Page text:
Precise Time DepartmentReifler precision pendulum clocks, c.1910


The U.S. Naval Observatory has maintained a Time Service Department since 1880.  At right are a pair of Reifler precision pendulum clocks, photographed in their underground vault c. 1910. 

Today, USNO's Precise Time Department is charged with maintaining the DoD reference for Precise Time and Time Interval (PTTI).  That reference is UTC(USNO).  This time-scale is determined by an ensemble of dozens of atomic frequency standards, popularly called "atomic clocks", which are continuously scanned, selected, and averaged by computer to provide a day-to-day precision measured at the picosecond (10-12 seconds) level per day.  

 

USNO Master Clock

The DoD common time reference is the U.S. Naval Observatory Master Clock.  It is generated at USNO in Washington, D.C. and at the Alternate Master Clock Facility at Schriever AFB in Colorado.
 

GPS

USNO monitors the Global Positioning System (GPS) constellation and provides system timing offsets to the U.S. Air Force 2nd Space Operations Squadron (2SOPS), timing data for individual GPS satellites, and time transfer services using GPS.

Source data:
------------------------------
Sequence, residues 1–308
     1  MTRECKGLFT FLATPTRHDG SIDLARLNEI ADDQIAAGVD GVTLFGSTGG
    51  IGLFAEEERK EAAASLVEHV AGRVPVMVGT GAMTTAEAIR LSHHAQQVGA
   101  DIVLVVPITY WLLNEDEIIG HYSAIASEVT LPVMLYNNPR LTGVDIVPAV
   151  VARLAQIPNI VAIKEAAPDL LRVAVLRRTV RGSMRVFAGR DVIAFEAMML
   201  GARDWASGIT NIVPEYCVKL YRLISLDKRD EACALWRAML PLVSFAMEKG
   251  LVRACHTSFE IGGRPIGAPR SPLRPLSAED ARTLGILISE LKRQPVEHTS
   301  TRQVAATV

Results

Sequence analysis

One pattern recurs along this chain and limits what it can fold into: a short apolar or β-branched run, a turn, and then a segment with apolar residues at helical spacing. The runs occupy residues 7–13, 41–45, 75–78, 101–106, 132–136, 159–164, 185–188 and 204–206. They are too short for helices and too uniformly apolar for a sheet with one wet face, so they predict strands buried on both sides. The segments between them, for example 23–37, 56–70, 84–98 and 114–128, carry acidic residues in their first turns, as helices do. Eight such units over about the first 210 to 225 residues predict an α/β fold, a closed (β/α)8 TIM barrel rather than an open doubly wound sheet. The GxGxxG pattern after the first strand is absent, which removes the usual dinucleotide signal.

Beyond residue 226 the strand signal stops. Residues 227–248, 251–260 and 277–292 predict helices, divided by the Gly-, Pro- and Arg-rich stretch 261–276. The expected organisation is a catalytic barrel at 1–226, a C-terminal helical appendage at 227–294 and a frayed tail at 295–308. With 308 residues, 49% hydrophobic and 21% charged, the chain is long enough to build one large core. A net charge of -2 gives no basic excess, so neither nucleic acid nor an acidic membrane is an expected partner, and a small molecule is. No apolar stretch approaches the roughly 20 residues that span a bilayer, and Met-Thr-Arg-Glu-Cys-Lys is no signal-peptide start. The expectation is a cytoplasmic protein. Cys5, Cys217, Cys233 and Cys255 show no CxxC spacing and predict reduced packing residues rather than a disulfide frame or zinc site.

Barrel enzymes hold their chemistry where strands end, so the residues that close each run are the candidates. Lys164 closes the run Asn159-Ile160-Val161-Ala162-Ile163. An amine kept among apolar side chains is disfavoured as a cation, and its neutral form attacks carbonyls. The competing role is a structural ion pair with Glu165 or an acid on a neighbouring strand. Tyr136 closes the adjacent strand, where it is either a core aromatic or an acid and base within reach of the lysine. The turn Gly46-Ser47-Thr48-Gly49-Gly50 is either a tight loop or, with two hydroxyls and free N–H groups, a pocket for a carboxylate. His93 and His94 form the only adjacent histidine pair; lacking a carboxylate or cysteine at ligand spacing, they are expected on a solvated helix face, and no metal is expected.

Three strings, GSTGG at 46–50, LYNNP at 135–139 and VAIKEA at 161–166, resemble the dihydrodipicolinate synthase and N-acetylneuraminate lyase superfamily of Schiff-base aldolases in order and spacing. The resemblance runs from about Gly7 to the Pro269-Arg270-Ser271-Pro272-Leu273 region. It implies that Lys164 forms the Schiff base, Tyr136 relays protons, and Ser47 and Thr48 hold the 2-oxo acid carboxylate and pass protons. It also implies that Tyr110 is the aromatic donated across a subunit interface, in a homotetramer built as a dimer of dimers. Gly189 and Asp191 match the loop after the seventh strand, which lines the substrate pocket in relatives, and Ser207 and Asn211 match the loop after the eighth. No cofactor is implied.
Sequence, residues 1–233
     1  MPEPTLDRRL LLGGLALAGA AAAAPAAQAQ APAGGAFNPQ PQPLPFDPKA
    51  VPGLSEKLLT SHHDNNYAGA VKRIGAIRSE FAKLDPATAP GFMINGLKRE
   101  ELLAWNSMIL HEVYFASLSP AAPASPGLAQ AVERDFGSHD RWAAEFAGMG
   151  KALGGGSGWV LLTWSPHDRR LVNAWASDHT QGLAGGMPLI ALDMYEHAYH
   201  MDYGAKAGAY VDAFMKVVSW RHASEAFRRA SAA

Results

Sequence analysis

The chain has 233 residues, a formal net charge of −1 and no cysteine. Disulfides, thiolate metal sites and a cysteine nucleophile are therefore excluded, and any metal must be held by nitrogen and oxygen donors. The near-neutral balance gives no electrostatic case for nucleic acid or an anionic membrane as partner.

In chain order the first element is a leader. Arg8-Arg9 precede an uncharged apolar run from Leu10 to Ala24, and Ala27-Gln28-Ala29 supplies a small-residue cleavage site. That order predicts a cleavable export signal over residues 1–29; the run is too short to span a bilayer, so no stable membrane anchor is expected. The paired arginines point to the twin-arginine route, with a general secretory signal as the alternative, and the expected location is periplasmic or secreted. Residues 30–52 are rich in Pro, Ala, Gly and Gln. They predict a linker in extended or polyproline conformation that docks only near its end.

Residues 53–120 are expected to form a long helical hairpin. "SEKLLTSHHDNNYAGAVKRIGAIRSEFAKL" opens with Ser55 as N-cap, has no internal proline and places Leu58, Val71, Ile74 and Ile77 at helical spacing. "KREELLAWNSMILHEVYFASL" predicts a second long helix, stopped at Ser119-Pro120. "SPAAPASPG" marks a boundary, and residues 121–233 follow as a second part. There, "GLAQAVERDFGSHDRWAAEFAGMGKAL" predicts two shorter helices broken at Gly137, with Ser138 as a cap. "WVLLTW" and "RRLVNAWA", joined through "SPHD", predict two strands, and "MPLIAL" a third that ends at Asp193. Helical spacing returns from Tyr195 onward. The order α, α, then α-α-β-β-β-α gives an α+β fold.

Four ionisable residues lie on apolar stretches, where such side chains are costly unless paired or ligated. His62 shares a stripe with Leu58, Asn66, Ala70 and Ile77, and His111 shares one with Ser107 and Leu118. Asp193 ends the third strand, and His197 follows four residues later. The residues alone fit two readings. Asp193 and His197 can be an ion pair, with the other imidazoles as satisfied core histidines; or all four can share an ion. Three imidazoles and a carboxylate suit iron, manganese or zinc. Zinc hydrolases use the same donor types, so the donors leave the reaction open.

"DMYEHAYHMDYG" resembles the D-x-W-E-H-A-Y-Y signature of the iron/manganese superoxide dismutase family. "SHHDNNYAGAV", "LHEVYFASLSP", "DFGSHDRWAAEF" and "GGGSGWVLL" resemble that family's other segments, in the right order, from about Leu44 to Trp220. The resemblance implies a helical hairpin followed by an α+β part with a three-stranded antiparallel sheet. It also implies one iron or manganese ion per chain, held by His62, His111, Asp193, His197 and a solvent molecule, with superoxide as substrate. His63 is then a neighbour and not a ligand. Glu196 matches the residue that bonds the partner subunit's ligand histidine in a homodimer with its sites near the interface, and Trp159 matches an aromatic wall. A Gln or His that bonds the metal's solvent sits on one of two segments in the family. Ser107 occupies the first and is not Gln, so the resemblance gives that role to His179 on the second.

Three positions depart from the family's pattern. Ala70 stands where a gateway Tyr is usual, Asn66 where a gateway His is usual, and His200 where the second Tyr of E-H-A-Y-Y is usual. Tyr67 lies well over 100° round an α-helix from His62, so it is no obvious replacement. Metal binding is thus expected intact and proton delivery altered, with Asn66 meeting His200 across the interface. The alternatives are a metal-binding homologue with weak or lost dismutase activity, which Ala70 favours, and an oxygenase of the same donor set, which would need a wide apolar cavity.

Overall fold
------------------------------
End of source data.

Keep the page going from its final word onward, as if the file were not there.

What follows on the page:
Computer Display Clocks

USNO servers provide a wide variety of web-based time synchronization products including embedded web clocks to display UTC(USNO) on other web pages.
 

Two-way satellite time transfer (TWSTT)

The highest precision and accuracy in time dissemination is provided through Two-Way Satellite Time Transfer (TWSTT).  USNO provides operational time transfer and calibration services for TWSTT.
 

Telephone Time

USNO provides both voice announcements of the time, and services to synchronize systems over telephone modems.
 

network time protocol (ntp)

Network Time Protocol (NTP) is an Internet standard that enables client computers to synchronize to USNO.  NTP runs as a client program on a computer.
 

REsearch

USNO is in the forefront of developing robust, continuously running atomic frequency standards.  Our Clock Development Division has designed, built, and deployed six rubidium fountain clocks which have been operating continuously since 2013.  The team is now investigating optical frequency standards, which will operate at frequencies some five orders of magnitude higher than the current microwave standards.
 
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